Machined bricks are made from pre-treated clay ground into a fine powder, making the bricks extremely resistant to extreme pressure and weight, requiring only a thin layer of gypsum to reinforce. That helps them provide additional strength, which has led to machine-made bricks being used in several landmark projects around the country. Due to the composition and manufacturing method, machine bricks can provide high thermal and acoustic insulation, which is ideal for commercial or residential buildings.
At the same time, technical bricks have exceptionally high compressive strength, making them ideal for projects with significant water exposure. Thin bricks can be useful for interiors, cladding, collapsible concrete parking lots or projects with weight issues as they look like bricks but have little to no weight. Another specialty brick that we always try to have in stock is “Tudor Brick” which is thinner than regular brick and is 2″ to 2.25″ thick and commonly used for building fireplaces. The great thing about handmade bricks is that although they may look old, you can still make them in metric sizes, ensuring the building is future-proof and efficient.
While the inconsistencies of handmade bricks are one of the attractions, handmade brick makers today still want to maintain a certain level of quality. Antique bricks can still be handcrafted today, are expensive, time consuming, and otherwise inefficient, so these characteristics are likely to be found in more historic masonry. Although you may not find many handmade bricks from the early periods of construction, they will be irregular in shape, may contain traces of thatch or grass, and will be larger than the bricks produced today.
Unlike paintings or quilts, which are completely handmade, handmade bricks cannot be made on this precise machine. This name comes from the fact that these bricks can be ground and then worked by hand as no machines are used to remove the bricks. The soft clay process produces sand or water with an uneven texture, which gives the brick (only brick is made with this process) the appearance of handmade bricks or antique bricks.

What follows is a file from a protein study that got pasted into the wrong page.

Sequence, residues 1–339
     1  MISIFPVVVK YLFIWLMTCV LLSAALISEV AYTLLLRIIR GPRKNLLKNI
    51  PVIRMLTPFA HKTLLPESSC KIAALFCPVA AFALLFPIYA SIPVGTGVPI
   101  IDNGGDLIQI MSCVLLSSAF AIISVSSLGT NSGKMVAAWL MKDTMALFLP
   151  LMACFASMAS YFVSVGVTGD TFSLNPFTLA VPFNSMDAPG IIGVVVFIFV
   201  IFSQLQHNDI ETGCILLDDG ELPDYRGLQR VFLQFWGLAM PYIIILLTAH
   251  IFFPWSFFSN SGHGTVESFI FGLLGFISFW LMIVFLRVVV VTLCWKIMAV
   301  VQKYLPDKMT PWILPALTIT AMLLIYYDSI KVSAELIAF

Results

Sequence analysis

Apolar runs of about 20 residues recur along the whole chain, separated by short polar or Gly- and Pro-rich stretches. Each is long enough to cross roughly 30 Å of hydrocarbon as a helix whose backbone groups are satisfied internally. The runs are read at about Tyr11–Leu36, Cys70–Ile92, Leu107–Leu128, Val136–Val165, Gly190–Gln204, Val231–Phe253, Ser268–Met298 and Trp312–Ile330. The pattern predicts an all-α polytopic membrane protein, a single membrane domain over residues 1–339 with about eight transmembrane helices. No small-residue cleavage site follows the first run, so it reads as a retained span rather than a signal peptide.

A piece of coarse clay is prepared and thrown by hand into a wooden mold sprinkled with fine dry sand. Excess clay is removed with a wire shackle, and a flat wooden pallet is placed on top, turning the mold upside down to remove the brick. For example other materials, such as water, can be added to free the clay from the molds to create water-sculpted bricks.
Small amounts of manganese, barium, and other additives are mixed with the clay to produce various shades, and barium carbonate is used to improve the brick’s chemical resistance to the elements. When used in a top clay (that has been cleaned), the clay will take on its natural color when fired into the finished brick, which can be quite different from the original material. When fired in traditional Northcot Master charcoal kilns. the clay produces an intense base color and the result is an interesting range of natural color quality bricks with a durable finish.
Considering the color variations within a single brick—from pink to plum, brown to brown—its shape and contours. The extruded brick, which is wet clay, allows Lincoln Brickworks to manually cut each brick into the desired unique shape or in small quantities. The brick extrusion process involves a machine that pushes clay (and other materials) through a mold that forms a consistent size and shape.
Clay bricks are becoming an increasingly popular handmade brick, but there are some differences. Countertop molds often produce the same results as brick pot molds. The manual process of extracting clay from clay rather than a machine, as we usually press clay into perfect shapes. A real brick costs a little more to produce than concrete because it is cast individually, not in a package. Although concrete has a relatively short manufacturing process, it is relatively inexpensive to produce in its raw form, especially since it can be mixed at home with a wheelbarrow. At Bulmer Bricks, the bricks are made from the finest London clay, made with seams fired in charcoal kilns since the Middle Ages.
Soft clay bricks are made by pouring clay into sand-covered molds that create a slightly wrinkled surface. Once placed in sandblasted molds, the handmade bricks are left to dry in a controlled environment, allowing the water contained in the clay to evaporate.
Each brick is handcrafted by the Old Mississippi Brick Company in Holly Springs, Massachusetts. With handmade bricks, the clay is shaped and placed into wooden molds one at a time, then placed in the dryer for 16 hours. They can be crafted to match the façade color and texture elsewhere in your home, as long as the company uses the right clay for your area (which is why using a local supplier might be a good idea). Recycled bricks are also available in a variety of colours; you can buy hand and machine made bricks in red, yellow, orange, blue, purple, brown, white and black, although by far the most common are red and orange and medium in every possible shade in between.
What many of us may not know is that most of the reddish fired bricks we are used to seeing are usually handmade and have a number of disadvantages compared to machine production. Machine-made bricks are harder and heavier than hand-made bricks, and their surface is often smooth and shiny, although this is not always the case. The resulting bricks show subtle variations in texture and uniform shape, but all the irregularities are part of the charm. Whether you’re adding an extension to an antique property and want it to match the original brick, or your home is in a conservation area, handmade bricks made from local clay are best for harmony and preserving the character of the place.